I’ve never been a big fan of Alastair Cook. I doubt anyone has spent longer than I have discussing their technical weakness against top bowlers. At the end of the day, I just don’t like watching him hit the ball. But in a game that avoids whitewashing, I loved and cherished every second of his double century. My vocabulary doesn’t have superlatives to describe it.
Cook has been, in many ways, a punching bag for dissidents in English cricket over the years. He played a role in the KP firing – though I personally don’t think he played much role at all, just following orders – and Giles Clarke’s disgusting “right family” comment will probably haunt him forever. So I wouldn’t be surprised if some England fans secretly hoped he lost that game. They’ve waited years for the launch and called for its cancellation, and after a string of disastrous results this year, they probably think Cook is finally done. Maybe they need to reconsider now!
The truth is, without Cook, England’s cricket team is doomed. He hasn’t played against the best for a long time, and he hasn’t stepped up when we really need him. But he’s still the only player who can step in and make opponents pay. He doesn’t let the team off the hook (like Joe Root often does) and I think he’s very old-fashioned. Tom Harrison might see this as some kind of amusing anachronism.
Yes, we can find holes in Cook’s marathon efforts. Steve Smith’s two turnovers should have meant that Davide Maran and James Vince both went inside when they were sent off, and we can’t ignore the fact that the conditions of that game were measured for Alastair. Tailored – that’s precious There’s little seam movement, no spin, Australia lose their fastest bowler and of course the Ashes are gone.
However, no other England batsman took advantage of the situation, did he? All the other hitters that day were either not good enough or struggled to get to lazy shots. I pay special attention to Joe Root and Moeen Ali. The truth is, Cook (with the possible exception of Malan) is the only hitter on the team who can hit that kind of marathon inning. Everyone else was a product of the “modern batsman” or the white ball revolution in England. They can all push the ball past the limit in different ways, but they ignore the most important muscles: the muscles between the ears.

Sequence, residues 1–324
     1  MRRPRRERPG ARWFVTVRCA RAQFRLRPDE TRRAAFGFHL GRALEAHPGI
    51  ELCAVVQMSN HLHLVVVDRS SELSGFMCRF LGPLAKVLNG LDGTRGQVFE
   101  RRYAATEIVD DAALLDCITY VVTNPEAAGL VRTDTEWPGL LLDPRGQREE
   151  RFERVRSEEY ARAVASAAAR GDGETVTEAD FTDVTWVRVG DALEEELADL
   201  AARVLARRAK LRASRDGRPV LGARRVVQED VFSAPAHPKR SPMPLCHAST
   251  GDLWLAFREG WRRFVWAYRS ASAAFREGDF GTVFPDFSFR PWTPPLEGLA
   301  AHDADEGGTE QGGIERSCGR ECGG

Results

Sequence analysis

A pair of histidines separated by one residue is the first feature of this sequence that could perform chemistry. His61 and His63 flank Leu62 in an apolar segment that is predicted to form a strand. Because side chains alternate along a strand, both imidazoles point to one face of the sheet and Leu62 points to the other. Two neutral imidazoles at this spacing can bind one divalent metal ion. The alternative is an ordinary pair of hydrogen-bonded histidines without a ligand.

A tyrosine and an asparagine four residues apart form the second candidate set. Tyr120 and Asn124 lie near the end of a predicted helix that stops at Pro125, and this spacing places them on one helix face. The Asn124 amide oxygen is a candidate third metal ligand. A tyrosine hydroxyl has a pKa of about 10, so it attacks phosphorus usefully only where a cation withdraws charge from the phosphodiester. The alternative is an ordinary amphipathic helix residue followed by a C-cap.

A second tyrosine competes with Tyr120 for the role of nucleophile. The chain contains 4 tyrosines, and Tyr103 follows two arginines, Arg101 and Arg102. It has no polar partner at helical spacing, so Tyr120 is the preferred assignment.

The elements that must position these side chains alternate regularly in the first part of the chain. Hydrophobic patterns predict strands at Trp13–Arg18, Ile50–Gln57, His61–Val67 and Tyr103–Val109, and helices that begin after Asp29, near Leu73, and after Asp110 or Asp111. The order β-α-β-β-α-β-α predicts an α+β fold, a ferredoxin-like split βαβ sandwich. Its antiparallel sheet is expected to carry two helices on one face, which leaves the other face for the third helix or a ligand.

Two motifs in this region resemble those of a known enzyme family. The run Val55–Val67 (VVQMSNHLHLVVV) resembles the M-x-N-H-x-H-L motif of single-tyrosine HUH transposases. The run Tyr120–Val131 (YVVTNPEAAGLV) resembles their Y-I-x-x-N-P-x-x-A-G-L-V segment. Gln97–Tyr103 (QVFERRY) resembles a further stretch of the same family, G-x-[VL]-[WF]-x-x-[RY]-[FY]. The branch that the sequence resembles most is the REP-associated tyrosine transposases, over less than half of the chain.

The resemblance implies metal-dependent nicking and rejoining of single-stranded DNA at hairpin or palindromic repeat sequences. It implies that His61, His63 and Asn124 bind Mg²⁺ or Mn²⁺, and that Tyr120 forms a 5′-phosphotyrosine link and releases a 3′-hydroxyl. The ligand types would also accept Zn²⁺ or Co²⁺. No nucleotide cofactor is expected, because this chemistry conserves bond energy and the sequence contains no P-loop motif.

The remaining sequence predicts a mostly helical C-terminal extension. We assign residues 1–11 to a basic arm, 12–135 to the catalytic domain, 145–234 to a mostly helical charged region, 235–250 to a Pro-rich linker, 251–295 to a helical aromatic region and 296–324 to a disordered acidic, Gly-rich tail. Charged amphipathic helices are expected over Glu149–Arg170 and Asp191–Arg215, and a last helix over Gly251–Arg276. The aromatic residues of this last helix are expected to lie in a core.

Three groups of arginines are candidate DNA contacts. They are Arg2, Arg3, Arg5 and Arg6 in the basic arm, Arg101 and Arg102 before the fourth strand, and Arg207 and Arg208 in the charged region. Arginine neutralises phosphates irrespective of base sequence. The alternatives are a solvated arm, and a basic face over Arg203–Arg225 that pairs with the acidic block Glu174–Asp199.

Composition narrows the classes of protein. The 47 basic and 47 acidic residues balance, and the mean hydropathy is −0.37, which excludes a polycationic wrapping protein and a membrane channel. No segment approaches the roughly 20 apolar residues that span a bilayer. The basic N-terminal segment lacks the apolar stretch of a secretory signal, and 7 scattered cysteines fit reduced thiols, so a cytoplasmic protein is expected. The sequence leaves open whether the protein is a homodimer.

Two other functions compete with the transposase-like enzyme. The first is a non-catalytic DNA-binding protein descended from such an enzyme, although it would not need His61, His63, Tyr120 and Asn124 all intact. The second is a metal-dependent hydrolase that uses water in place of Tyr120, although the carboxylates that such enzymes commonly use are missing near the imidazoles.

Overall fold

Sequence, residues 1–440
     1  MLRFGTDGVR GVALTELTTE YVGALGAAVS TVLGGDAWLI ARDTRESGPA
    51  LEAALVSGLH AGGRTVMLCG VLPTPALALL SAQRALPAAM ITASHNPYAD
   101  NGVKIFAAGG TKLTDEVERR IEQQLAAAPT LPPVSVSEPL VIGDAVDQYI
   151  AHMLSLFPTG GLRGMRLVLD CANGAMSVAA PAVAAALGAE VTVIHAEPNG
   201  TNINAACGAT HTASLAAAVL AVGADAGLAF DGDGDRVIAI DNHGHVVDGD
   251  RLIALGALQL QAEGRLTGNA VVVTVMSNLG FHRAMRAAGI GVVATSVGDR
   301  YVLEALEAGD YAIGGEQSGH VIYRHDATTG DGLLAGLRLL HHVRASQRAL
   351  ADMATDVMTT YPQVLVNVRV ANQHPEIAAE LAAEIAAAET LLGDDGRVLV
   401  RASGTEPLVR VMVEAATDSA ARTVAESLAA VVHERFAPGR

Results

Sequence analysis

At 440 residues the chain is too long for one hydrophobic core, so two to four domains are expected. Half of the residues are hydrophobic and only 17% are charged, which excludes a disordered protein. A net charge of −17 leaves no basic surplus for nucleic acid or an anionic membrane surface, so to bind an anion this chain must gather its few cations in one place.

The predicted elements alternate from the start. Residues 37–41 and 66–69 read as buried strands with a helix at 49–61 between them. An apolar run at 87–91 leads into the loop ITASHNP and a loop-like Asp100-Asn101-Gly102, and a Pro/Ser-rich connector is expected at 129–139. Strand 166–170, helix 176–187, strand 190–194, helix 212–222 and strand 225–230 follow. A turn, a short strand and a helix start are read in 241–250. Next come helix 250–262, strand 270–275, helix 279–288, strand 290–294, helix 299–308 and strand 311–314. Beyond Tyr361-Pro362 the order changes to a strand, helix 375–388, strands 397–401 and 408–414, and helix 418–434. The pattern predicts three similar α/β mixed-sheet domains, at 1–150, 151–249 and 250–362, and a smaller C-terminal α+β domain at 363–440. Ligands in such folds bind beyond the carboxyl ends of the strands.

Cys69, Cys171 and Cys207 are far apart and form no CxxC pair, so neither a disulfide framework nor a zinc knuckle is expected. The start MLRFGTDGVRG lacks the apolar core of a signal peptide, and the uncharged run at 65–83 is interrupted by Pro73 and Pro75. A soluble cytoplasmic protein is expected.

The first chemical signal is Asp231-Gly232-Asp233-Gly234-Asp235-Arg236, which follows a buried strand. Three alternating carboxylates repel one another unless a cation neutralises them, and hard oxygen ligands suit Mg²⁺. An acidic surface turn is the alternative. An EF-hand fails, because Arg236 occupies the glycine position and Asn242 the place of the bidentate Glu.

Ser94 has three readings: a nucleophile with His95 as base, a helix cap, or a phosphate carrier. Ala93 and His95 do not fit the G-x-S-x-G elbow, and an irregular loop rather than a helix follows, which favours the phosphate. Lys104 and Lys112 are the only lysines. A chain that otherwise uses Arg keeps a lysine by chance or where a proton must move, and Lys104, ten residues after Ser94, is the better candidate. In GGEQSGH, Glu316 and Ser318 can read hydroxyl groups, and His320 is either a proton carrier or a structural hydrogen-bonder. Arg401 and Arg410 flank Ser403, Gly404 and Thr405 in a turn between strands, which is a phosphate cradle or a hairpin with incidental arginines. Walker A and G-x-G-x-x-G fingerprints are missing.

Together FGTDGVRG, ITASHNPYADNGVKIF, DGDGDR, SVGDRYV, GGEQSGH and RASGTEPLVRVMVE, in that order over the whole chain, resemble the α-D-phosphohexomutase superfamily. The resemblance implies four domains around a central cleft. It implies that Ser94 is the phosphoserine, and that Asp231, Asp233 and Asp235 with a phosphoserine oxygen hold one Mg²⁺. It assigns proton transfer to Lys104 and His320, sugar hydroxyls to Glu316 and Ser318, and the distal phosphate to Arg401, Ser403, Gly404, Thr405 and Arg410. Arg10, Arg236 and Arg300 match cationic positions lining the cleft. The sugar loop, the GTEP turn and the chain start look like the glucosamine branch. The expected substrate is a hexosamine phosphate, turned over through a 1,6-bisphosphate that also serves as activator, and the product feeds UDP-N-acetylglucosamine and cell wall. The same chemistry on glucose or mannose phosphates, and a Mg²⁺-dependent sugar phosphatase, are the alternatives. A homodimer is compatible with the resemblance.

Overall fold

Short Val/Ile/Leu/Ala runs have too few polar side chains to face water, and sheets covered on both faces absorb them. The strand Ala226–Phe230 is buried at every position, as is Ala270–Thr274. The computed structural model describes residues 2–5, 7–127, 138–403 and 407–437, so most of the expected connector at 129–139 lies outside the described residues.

The truth is that Cook almost single-handedly saved England from the humiliating whitewashing of a flawed Australia team with three of the best fast bowlers (when fit), the world’s best The best hitter and nothing else. Have you ever seen a Jackson Bird bowl? There can be no depth in Australian cricket when this is the best back-up they have.
Yes, this game has a long way to go. England can still screw things up. But if England win this game or a draw, I will be forever indebted to Alastair. He saved us from total humiliation, restored some pride, and showed his peers how to construct a proper, disciplined Test Bureau. Well played sir. And don’t retire.